OPEC is unlikely to cut output at its upcoming meeting, Saudi Arabia's oil minister said in comments published Tuesday, as indications mounted that the oil producing bloc would resist a temptation to tighten the taps despite wanting higher crude prices.
The Saudi minister, Ali al-Naimi, also voiced concerns about global crude stockpiles, whose tenaciously high levels are being sustained by weak demand linked to the economic meltdown.
In an interview with the pan-Arab daily Al-Hayat ahead of Thursday's OPEC meeting in Vienna, al-Naimi said that unless those inventories drop, there would be no increase in output by the 12-member Organization of the Petroleum Exporting Countries.
Boosting production "will not happen until we are sure that global inventories are reduced to their normal levels," said al-Naimi, whose country is the world's largest exporter of crude.
He said world crude inventories are currently at between 61 and 62 days of forward cover and the group wants to see them down to 52 or 54 days.
Al-Naimi's remarks highlight the balancing act the group, which pumps almost 40 percent of the world's oil, is facing.
The U.S. benchmark light sweet crude futures contract was trading slightly below $61 per barrel Tuesday, or about $20 per barrel higher than its price when OPEC minister met in the Austrian capital in March to discuss whether additional production cuts were needed.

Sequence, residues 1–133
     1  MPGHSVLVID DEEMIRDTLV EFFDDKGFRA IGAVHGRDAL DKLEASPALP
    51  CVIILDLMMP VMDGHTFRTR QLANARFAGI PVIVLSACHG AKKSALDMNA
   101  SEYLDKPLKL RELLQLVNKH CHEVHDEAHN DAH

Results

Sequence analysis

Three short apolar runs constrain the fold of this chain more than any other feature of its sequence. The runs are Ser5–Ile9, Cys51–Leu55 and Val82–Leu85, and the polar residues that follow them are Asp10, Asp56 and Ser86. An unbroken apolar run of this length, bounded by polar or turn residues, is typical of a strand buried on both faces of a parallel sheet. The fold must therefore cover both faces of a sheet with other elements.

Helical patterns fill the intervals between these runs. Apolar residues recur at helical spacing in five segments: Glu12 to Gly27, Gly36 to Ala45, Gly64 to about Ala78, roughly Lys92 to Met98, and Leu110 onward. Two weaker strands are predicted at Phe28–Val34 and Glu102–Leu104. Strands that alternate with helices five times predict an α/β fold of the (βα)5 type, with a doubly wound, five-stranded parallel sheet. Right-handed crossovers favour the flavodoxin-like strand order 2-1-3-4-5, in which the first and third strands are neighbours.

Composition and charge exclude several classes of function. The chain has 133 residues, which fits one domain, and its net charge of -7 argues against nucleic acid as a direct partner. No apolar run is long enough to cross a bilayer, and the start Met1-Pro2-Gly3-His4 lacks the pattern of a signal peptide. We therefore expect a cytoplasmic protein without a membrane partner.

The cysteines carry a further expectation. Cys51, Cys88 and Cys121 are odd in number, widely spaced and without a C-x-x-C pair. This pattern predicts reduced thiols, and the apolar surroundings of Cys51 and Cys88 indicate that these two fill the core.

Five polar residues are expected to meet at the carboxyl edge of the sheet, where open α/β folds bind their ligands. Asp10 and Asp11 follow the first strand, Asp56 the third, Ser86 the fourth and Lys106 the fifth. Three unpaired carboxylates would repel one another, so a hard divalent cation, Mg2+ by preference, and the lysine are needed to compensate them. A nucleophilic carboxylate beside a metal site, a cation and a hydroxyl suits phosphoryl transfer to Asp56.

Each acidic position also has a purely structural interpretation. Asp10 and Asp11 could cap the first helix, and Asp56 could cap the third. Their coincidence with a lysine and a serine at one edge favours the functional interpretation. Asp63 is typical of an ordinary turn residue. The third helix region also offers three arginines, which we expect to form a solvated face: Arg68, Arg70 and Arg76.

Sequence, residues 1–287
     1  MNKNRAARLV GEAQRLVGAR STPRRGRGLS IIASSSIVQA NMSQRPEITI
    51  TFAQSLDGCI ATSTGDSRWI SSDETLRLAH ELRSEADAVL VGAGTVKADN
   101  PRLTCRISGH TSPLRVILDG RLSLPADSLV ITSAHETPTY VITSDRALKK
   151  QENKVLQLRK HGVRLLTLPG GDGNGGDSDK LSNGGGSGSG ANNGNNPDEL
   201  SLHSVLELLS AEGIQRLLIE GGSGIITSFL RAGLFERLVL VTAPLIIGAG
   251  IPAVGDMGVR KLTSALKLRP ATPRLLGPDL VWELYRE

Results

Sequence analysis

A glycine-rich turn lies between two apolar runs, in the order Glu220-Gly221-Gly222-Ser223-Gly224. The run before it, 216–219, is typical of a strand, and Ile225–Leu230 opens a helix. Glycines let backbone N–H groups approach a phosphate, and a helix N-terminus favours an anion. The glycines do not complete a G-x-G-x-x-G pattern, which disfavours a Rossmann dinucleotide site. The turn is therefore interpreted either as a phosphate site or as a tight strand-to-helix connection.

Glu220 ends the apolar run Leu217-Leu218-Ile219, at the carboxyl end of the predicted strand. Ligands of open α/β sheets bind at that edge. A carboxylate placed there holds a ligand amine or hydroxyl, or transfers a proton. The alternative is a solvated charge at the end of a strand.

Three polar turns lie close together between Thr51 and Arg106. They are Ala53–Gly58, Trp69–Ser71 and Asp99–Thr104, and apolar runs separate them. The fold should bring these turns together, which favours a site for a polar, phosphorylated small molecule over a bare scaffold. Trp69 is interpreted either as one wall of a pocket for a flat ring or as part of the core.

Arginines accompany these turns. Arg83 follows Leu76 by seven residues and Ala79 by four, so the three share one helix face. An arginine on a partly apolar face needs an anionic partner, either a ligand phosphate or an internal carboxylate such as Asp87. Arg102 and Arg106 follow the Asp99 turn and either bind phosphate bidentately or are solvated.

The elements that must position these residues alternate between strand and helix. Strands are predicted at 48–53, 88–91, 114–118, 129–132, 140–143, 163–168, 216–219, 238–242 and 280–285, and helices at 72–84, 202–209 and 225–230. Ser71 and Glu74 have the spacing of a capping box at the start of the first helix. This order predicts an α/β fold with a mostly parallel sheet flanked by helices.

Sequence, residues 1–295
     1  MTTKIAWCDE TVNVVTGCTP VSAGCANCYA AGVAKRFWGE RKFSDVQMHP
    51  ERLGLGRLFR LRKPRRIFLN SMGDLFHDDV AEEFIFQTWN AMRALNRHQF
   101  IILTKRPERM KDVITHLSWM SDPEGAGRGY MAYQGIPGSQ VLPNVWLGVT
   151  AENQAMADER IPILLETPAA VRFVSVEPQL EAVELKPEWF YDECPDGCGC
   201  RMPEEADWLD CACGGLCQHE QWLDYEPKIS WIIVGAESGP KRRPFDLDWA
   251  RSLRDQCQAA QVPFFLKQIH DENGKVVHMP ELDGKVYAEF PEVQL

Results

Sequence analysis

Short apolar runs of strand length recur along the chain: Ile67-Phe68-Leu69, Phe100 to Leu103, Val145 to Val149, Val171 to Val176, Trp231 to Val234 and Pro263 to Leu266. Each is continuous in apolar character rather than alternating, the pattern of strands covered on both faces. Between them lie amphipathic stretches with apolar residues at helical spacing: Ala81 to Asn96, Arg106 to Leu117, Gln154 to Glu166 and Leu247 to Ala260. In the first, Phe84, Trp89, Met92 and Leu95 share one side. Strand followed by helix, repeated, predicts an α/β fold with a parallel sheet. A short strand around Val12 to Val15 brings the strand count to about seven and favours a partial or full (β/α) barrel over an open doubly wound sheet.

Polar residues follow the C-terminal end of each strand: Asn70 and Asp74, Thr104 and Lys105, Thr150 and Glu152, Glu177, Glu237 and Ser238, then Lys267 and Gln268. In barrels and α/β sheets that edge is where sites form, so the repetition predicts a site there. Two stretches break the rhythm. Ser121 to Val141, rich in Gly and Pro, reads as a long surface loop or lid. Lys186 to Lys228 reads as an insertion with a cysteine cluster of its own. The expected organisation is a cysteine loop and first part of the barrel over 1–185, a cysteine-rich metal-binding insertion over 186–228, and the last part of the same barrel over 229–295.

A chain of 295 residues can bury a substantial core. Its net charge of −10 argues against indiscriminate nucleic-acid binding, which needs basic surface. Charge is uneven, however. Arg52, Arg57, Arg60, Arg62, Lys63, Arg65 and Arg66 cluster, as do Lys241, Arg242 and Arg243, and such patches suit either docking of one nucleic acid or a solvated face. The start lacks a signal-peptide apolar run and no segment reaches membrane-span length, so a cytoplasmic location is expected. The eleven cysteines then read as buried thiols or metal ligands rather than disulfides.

They held off, opting instead to stick with boosting compliance with an earlier 4.2 million barrels per day in reductions from September 2008 levels.
At this meeting, they appear likely to do the same, focusing on making sure that group members adhere to their quotas as a way to drive prices higher despite still weak demand.
In an interview published Tuesday in Kuwait's Al-Seyassah daily, Saudi Arabia's King Abdullah said the kingdom believes "a fair price is $75 or maybe $80 per barrel, especially for the time being."
Abdullah and al-Naimi have cited that level before as reasonable for both consumers as well as producer who need to be able to continue investments in their oil industry to meet an expected upswing in demand as the world recovers from its current recession.
Producers and analysts have voiced concerns that the current prices are discouraging new investments, meaning that supply will not be able to keep pace with demand going forward.
Al-Naimi repeated that warning in Rome on Monday, saying during a meeting of energy ministers from the Group of Eight industrialized nations that oil prices could again spike to even above last year's record high of almost $150 per barrel because of falling investments in the sector.
"If others do not begin investments in projects to boost strategic capacity, like the kingdom has done, then we will see another skyrocketing in prices, and it will continue this time for two or three years," al-Naimi was quoted as saying by the official Saudi Press Agency.